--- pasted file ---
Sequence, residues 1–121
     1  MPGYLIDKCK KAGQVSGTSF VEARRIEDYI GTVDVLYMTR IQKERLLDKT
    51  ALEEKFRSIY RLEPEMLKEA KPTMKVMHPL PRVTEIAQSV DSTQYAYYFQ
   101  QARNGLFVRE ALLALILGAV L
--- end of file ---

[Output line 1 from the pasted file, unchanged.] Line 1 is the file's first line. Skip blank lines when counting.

Sequence, residues 1–121